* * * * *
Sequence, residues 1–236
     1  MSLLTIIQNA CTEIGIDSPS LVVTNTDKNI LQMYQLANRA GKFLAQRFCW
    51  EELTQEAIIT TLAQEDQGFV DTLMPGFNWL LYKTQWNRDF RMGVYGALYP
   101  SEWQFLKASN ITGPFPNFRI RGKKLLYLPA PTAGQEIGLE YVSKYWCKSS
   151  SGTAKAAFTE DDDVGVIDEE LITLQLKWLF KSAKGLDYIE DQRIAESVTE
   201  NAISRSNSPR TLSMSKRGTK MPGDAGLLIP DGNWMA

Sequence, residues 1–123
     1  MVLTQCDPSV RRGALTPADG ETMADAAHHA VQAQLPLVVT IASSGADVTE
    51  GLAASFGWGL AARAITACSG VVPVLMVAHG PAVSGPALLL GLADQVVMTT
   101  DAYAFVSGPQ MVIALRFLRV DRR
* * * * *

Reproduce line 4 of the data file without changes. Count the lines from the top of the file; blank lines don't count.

   101  SEWQFLKASN ITGPFPNFRI RGKKLLYLPA PTAGQEIGLE YVSKYWCKSS